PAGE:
Here are 5 ways to stay inspired. Let’s look at each one separately. But before we move on I want to mention something else about change. Its not helpful to feel pressured to have to change, or to make every work of art very different from your previous one. It’s simply about paying attention to how you feel. If you are on a roll, happy about what you are painting and cranking out paintings right and left, then why change it if it works. However, after awhile, even the best work you create gets old and when you notice feeling reluctant to get into the studio, or get out your brush, that’s the time to change something, and not just the subject matter. So these 5 items here are ways to reevaluate what you’re doing and figure out what needs to change at those times when you feel uninspired. If I find one way to get unblocked it might not work the next time, so it’s nice to have several ways or concepts of change up your sleeve. My new book is one resource, and/or keep a journal or file of thoughts for yourself on this.

The first area we can look at is changing our style. We often spend years to develop a style that works for us, then often we are so entrenched in that it is hard to change. You can keep the same subject matter, say landscape, still life, portrait, abstract, whatever you like to paint, but change how it’s presented on the canvas. This is where style comes in. Here is the Table of Contents from Acrylic Innovation. The styles are grouped in terms of their perceived spatial qualities. Often styles are labeled by abstract or real, but here I am taking a different approach. The book spans a broad range from photorealism to minimal color field and everything in between. I even made up some style names. But lets talk a bit about the experience of space that a painting conveys. Just look at the first two images and picture yourself physically entering the painting. The experience of space is very different between the two. And also between say, the first and third images. I like to think about a painting as presenting to the viewer this experience of space. Some paintings, say from the Renaissance, are like viewing through a window, encouraging a feeling of deep space going back far into the picture plane. While other more contemporary works use texture, sheens and other methods to direct your attention to the front surface. The late author, teacher and painter Hans Hoffmann used a term called push-pull to refer to the combination of both types of spatial experiences, where the viewer is pushed towards the painting’s depth and pulled back out towards the front. There are 64 artists and their work represented in this book, all contemporary, working in acrylic, and working with a style that looks and feels unique.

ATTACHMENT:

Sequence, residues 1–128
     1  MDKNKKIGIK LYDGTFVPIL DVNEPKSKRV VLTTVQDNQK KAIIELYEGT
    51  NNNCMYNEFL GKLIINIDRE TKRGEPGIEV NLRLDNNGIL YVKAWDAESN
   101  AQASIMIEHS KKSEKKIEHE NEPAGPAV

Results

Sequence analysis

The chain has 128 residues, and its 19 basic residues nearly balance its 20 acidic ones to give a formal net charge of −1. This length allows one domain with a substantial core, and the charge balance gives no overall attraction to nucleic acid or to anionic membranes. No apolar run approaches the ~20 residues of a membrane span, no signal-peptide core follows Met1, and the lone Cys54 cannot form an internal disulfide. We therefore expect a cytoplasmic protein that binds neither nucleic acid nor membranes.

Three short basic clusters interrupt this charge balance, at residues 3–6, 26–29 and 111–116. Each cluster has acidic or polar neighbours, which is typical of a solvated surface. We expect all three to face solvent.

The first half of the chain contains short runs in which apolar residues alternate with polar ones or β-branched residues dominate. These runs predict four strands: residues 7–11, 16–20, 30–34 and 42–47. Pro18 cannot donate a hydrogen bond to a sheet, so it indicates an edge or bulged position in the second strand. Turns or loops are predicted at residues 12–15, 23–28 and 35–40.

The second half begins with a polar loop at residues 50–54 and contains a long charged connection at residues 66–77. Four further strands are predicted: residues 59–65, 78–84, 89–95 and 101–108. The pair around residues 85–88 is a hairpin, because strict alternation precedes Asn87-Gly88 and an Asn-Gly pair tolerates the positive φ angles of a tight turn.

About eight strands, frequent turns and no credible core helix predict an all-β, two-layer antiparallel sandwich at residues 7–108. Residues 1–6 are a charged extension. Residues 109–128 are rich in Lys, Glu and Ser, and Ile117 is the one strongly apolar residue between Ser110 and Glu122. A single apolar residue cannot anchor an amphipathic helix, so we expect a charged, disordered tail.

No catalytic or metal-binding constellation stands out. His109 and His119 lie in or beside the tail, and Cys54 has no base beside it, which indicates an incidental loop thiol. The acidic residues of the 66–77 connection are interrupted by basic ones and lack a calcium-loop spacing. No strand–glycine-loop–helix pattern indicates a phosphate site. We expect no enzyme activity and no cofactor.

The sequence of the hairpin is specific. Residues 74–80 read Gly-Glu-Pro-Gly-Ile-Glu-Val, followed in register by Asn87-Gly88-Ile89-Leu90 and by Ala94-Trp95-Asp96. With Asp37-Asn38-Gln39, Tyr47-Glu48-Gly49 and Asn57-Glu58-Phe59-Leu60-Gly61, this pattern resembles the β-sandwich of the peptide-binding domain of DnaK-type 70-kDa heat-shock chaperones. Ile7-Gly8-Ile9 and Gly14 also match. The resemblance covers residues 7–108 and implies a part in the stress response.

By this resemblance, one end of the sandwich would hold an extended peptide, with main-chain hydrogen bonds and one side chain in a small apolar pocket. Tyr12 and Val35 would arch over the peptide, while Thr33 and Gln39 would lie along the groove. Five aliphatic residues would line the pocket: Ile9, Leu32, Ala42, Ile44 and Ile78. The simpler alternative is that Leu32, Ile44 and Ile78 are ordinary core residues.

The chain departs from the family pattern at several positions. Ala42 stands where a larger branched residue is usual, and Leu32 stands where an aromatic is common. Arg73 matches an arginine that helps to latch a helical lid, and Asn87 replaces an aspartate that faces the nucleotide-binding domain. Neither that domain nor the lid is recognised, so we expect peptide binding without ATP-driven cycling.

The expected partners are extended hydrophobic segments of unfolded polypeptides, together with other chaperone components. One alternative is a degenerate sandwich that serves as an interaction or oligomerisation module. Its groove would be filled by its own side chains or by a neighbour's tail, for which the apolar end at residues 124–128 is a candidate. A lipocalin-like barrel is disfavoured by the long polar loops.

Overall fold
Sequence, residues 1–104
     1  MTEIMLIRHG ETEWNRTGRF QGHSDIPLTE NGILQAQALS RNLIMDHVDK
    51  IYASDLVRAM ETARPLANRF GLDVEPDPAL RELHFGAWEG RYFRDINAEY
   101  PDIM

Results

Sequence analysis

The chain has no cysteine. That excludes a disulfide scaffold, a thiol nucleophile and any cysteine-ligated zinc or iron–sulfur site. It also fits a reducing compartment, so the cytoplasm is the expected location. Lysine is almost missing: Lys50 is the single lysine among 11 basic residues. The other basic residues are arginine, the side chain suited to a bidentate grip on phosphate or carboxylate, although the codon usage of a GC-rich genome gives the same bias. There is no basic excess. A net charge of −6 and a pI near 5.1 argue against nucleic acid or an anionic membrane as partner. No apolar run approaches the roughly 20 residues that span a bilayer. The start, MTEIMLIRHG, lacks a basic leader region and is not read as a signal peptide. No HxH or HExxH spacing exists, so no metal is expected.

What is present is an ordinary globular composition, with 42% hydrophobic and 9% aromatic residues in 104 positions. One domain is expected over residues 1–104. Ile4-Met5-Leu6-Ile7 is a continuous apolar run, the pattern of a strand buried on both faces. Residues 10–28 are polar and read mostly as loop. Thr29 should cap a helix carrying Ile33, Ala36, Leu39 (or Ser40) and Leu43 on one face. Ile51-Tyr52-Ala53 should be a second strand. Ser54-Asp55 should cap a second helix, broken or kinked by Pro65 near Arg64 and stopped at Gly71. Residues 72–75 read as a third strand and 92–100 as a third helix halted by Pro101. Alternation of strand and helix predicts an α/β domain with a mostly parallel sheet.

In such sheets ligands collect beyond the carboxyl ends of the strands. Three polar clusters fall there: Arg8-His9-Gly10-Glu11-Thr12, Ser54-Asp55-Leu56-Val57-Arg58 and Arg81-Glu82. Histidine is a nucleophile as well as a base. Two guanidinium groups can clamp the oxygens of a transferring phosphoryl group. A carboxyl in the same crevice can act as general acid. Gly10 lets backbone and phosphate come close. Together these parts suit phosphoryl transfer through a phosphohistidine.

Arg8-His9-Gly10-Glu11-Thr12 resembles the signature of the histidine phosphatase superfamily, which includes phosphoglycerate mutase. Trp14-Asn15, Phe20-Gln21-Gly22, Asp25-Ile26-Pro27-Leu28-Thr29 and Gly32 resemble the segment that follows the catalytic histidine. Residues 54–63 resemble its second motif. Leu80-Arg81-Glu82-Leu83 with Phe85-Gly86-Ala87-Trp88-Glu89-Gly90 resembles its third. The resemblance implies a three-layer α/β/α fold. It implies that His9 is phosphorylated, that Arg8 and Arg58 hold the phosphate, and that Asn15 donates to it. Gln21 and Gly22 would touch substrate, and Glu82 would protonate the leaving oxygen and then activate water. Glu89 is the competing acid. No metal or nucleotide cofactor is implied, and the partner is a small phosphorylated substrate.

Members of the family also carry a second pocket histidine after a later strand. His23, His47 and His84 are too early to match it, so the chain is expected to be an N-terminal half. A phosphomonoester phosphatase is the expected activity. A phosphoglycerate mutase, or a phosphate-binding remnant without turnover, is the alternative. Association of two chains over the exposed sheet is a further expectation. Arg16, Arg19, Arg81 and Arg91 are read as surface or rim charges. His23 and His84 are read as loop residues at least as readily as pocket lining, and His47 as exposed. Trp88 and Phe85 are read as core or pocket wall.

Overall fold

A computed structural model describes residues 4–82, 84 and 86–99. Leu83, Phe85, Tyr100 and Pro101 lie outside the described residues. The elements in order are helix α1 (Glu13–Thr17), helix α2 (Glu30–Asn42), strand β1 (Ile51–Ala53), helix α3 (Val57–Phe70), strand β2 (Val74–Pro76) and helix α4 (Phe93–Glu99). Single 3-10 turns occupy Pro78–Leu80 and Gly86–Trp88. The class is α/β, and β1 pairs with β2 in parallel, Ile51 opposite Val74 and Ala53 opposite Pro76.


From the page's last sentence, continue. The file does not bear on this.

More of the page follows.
In addition to playing with different styles another way to reinspire is to try new techniques. So let’s say you like what you’re painting, and your style, but you just want to bring a feeling of play back into your work. Sometimes you get so skilled at what you are doing it gets boring. One of my friends is a very good draftsman – she can really draw! After years of drawing with her right hand (she’s right-handed) she started to lose the “edgy” feeling – it felt too slick for her, so she spent a year drawing and painting only using her left hand. Now that’s extreme – but it really gave her work and motivation a boost. New techniques are fun to try. Sometimes you can just take a break from what you are painting, take some time to paint something different, then go back to what you were doing and something has shifted. In other words everything you play with doesn’t have to become your new direction, it can just be a playful break.

Here are 2 technique pages from the new book, Acrylic Innovation.

Here’s a closer look at one of those techniques. This technique shows how to change a mood. Here I’m adding a romantic feel to the painting. In Image 1 you can see I have a painted landscape and the sky feels light airy and expansive compared to the dark ground. I like that there’s a contrast between the two, but I wanted to make them work better together, to integrate the sky and landscape or ground a bit more. So I mixed some very transparent glazes of earth tones, (there’s my palette in Image 2) and using a rag I apply these glazes to the edges to darken them. So there’s the finished example and it really made a visible different. Sort of holds the sky or the sky feels more contained, more intimate.